The output size is of course not everything when comparing codecs, for how good would a codec really be if it maximized its compression at the cost of tarnishing the audio quality? The BT SIG, therefore, conducted an audio quality comparison test between the SBC and the LC3, and the results of these tests are summarized in the following graph:

As we can see, the LC3 provides a better perceived audio quality than the SBC on all the same bitrates - even with the low bitrate of 160 kbps. Looking at the scores given in the listening test conducted for the LC3 and LC3plus research paper we see that the perceived audio quality of the LC3 at 124 kbps actually rivals that of the test's uncompressed reference!

Still not entirely convinced? Head over to the BT SIG to hear for yourself in their Audio Codec demonstration!

NOTE: Make sure to use a non-Bluetooth speaker/headset when listening to the demonstration.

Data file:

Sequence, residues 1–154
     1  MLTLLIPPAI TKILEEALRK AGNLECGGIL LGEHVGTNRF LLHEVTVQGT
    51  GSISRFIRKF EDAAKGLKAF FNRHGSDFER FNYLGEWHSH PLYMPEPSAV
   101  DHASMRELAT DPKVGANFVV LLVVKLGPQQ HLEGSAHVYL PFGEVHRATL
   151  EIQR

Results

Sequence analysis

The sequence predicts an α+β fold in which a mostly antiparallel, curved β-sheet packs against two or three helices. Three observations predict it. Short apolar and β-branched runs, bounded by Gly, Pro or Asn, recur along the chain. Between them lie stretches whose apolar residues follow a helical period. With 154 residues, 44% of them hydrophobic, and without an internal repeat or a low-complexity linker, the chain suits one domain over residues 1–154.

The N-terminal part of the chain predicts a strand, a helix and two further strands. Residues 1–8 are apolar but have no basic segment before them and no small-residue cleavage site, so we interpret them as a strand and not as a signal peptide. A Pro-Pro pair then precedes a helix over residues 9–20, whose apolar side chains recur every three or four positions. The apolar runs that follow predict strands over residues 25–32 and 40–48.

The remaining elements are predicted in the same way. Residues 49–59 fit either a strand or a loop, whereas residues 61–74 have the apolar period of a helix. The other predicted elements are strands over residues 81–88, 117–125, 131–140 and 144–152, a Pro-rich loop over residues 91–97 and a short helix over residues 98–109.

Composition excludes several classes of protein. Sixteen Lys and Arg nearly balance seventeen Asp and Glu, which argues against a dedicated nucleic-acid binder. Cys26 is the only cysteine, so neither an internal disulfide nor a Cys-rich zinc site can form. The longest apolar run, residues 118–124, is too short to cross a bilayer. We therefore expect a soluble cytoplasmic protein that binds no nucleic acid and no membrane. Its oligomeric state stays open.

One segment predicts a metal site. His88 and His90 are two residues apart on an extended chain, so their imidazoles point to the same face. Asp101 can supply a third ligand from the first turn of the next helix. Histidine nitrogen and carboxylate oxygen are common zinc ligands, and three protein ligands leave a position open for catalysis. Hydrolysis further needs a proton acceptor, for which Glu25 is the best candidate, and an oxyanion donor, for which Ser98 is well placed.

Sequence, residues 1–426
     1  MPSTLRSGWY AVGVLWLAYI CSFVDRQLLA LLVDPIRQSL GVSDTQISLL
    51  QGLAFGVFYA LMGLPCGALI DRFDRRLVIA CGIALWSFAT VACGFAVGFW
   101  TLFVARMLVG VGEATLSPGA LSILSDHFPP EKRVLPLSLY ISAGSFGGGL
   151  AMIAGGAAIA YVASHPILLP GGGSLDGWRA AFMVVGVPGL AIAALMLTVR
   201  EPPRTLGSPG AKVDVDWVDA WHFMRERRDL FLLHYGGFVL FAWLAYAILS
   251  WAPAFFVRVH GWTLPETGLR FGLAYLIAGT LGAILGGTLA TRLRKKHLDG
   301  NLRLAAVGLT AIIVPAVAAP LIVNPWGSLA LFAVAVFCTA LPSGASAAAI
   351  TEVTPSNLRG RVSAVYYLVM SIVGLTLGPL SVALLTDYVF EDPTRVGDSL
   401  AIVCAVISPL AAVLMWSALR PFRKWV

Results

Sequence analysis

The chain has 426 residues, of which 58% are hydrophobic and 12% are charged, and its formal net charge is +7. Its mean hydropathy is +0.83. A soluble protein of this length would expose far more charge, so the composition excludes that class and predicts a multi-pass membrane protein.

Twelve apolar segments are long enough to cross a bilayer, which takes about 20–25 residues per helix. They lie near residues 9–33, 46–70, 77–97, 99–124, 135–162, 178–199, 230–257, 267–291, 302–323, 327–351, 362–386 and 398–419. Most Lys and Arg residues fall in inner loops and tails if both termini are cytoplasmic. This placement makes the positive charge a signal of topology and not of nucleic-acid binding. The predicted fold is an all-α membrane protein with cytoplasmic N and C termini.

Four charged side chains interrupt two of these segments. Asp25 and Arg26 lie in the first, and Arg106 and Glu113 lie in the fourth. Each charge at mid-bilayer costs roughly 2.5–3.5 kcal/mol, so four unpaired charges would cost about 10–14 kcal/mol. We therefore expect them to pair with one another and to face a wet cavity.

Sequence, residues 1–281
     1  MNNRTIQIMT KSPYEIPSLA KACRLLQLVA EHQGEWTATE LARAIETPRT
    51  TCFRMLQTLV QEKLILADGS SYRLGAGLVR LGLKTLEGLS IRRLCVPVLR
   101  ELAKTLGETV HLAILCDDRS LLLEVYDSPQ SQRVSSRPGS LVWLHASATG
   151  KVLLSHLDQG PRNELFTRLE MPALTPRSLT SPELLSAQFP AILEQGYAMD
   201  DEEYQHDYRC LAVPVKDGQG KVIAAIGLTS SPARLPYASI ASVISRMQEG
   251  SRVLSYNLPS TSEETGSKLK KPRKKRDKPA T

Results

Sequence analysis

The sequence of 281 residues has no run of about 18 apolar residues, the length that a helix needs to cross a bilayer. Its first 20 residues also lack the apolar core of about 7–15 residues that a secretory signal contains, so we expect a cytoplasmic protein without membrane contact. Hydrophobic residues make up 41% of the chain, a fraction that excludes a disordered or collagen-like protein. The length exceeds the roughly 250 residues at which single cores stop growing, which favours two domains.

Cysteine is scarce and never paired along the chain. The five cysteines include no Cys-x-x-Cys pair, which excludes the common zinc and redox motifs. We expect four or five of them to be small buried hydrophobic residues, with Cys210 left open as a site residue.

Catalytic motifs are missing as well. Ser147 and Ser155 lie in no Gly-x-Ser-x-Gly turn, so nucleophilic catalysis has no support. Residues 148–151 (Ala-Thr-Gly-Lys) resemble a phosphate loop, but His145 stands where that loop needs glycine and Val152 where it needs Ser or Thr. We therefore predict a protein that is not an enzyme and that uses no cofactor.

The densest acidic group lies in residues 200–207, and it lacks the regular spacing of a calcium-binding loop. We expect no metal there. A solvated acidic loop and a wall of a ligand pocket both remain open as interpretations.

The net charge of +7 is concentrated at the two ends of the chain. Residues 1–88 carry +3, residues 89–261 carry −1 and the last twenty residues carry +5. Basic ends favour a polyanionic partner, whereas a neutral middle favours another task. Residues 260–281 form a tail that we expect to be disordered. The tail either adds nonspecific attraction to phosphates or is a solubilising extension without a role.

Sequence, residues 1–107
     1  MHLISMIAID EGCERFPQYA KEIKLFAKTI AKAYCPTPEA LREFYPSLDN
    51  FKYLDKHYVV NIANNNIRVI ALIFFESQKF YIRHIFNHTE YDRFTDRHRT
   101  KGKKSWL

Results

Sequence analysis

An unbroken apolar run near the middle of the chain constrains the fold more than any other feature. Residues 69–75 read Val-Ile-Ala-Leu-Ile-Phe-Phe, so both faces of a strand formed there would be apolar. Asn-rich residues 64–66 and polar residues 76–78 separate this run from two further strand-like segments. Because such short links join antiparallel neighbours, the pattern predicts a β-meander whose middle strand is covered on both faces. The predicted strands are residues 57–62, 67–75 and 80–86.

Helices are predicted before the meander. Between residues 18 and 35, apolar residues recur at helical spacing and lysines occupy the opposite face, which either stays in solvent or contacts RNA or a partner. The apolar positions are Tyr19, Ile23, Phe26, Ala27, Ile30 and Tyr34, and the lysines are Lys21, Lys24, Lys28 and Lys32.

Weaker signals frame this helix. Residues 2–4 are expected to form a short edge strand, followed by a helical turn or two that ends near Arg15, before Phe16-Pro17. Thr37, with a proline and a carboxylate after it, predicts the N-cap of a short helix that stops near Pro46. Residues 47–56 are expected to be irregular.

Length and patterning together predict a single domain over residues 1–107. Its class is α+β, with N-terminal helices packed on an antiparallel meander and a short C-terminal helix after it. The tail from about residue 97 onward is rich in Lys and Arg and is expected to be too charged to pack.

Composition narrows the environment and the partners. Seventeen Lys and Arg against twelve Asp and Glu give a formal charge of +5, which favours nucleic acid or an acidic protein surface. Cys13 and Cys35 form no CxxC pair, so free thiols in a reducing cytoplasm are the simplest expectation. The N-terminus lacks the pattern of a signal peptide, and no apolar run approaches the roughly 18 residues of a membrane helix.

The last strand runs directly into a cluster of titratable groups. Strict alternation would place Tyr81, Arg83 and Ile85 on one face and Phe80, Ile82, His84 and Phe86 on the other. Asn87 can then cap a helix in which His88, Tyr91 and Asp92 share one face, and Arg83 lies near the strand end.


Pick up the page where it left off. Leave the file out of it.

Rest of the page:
Availability in smartphones

A huge part of LE Audio adoption will, of course, depend on its availability in smartphones. Unfortunately, there have yet to be any public announcements from Android / iOS about definitive timelines for adopting LE Audio, so there is not much that we can say for certain at this point.

However, there has been a lot of activity on the biggest Android developer blogs regarding LE Audio adoption recently, as well as these LC3 related commits to the AOSP, which indicates that it is all but certain to become available in Android 13!

The practical availability of LE Audio for end-users will also require that the smartphone is hardware compatible with LE Audio.

End note

To end this barrage of good news, we just released our LE Audio DK and nRF Connect software module. You are all set to start exploring all the new possibilities made possible by LE Audio, happy development!